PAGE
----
The Important Moment for Making Conclusive Decisions

By: Jimin Millet, WFWPI Intern in Geneva

WFWPI Internship Geneva

Action on Resolutions at the Human Rights Council

The 28th Regular Session of the Human Rights Council took place from March 2 - 27, 2015. The program of work consisted of daily side-events, general debates, annual high-level panel on many different subjects, such as death penalty, the right of the child, the right of the person with disabilities, and more. The 4 weeks were preciously spent for discussions and debates where many ideas were brought to the table and where many questions were answered, and many more raised. All of that is, in fact, a long procedure of preparation for the final voting at the Human Rights Council - which will take place at the very end of the session.

The last two days are fully dedicated to finalizing the decisions to be taken on all that has been discussed. There are fewer side-events and most of the participants can be found at the Human Rights Council plenary room. It is an important part of the program because it is the time when the issues that have been debated become conclusive: what needs to be done? It is also the part to be taken back to our organization's chapters and to our government at home so that we can work together (advocacy) to live up to those commitments.

The new comers to the UN, such as interns, may not realize that it is a significant part of the schedule. They may not know that voting for action on the resolutions is taking place. At the beginning of my internship, I was not aware of it. I tried to attend every side-event of interest to WFWP. As the weeks passed by, there were fewer and fewer side events. Consequently, I thought the session was simply coming to an end. However, I realized only later during my second internship how the voting system really works and how important it is. The hall is overflowing during those periods of Action on the draft Resolutions because governments must be present to have a vote.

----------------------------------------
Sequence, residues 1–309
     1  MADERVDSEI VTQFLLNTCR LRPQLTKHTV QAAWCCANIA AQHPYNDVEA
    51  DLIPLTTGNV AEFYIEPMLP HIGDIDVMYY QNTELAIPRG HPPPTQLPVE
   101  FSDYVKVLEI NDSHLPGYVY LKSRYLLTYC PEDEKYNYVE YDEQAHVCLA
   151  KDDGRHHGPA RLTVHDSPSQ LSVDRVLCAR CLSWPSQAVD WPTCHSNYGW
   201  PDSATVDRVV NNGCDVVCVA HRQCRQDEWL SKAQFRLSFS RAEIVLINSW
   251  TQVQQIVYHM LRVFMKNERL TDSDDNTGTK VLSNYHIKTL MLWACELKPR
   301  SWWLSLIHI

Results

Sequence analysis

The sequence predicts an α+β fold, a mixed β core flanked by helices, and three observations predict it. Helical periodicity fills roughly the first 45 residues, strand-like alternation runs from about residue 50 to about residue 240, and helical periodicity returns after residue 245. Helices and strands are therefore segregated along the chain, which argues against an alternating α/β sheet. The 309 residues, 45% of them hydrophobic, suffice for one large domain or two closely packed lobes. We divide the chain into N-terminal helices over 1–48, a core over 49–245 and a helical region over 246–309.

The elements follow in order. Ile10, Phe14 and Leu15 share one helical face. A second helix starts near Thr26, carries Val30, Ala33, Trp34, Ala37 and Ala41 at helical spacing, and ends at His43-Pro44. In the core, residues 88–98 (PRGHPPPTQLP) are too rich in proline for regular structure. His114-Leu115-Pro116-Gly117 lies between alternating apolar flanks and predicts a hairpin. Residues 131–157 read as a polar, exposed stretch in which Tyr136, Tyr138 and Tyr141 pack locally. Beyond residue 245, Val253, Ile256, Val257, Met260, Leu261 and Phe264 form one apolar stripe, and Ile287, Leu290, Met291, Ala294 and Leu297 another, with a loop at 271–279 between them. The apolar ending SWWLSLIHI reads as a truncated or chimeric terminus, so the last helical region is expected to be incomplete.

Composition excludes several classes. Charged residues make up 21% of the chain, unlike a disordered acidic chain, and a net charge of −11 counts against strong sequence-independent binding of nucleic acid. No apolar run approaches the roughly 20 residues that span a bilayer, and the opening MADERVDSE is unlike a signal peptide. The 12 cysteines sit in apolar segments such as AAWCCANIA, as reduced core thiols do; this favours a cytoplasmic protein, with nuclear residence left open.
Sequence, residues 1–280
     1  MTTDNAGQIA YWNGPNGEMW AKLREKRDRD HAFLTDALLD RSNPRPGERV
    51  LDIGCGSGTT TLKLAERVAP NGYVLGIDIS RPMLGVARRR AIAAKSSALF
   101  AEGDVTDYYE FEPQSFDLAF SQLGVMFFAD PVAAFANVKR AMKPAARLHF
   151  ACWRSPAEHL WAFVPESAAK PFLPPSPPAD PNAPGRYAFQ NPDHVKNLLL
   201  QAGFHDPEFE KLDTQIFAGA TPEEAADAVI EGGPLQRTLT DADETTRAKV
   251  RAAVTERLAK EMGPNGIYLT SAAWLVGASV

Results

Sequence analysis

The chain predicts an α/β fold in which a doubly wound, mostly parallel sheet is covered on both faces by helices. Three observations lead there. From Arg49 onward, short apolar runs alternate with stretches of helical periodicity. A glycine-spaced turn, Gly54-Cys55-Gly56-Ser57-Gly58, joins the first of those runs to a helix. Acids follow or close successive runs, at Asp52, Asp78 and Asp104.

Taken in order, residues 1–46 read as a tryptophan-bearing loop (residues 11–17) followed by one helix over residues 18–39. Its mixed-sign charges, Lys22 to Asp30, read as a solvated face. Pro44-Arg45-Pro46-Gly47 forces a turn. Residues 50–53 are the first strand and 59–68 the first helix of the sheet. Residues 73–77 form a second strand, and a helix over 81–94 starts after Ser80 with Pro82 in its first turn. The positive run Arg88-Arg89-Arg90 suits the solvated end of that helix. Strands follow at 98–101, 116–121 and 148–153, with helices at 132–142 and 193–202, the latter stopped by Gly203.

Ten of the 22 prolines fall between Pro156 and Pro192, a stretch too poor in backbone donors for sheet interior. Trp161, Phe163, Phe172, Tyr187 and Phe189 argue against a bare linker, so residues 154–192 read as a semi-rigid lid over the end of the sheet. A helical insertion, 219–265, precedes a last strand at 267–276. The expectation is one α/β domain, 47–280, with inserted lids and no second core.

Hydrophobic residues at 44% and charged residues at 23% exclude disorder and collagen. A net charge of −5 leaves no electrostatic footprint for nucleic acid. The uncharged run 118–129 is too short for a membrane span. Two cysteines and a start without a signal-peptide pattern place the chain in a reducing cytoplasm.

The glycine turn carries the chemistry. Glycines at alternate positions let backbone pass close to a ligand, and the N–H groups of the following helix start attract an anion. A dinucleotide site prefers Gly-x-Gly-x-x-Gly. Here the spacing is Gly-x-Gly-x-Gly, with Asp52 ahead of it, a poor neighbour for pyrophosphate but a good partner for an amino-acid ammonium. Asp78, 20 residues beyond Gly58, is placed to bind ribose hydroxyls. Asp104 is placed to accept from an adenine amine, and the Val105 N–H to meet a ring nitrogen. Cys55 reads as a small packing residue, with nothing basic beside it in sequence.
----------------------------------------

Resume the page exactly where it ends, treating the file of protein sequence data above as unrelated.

Why is it so important and how does it function? The resolutions that are passed influence the governments from around the world to change. It is their homework. It is also the final time to listen to the opinions of peers that have been forming throughout the session, which may even change a nation's final vote.

The voting is carefully guided by the Human Rights Council President, who announces each numbered "draft resolution." Each nation's Ambassador has the right to express a few thoughts about the significance of the issue, which they often do in clusters. For the 47 current members of the Council (membership rotates in cycles of 3 years, decided by the General Assembly by geographic allotment), they usually use their time to explain briefly the vote they will be making. Then the chance of speaking is yielded to another country. The 47 countries that have voting rights then have their positions recorded on a large board: yes, no or abstention. The outcome is announced, more often than not, as expected. With some hard won battles, there may be clapping or sighs of relief. There is often consensus by all, "adopted without a vote," which is the hoped - for goal of the many meetings that had been going on privately or publicly during the session - or even the pre-sessional period.

For example, last September 2014, a HRC Resolution on the "Protection of the Family" was adopted for the first time in history; they acknowledged its key role as a fundamental group unit of society and promote the policies to enhance the atmosphere of happiness, love and understanding for the development of the children as well as its members. In respect to the adopted resolution, the governments are responsible to consider this in their national policies. Such a procedure is the final result of the efforts exerted throughout the sessions. This particular resolution was fought for and was not accepted unanimously. This is an important reason for NGO's like WFWPI who favor the resolution to be present and to continue to work with their governments to influence opinions and support the processes of implementation at home.

Therefore, I recommend to the future interns not to miss this moment of fruition. Voting is, in point of fact, a fundamental act of human rights and a most crucial procedure to have knowledge about.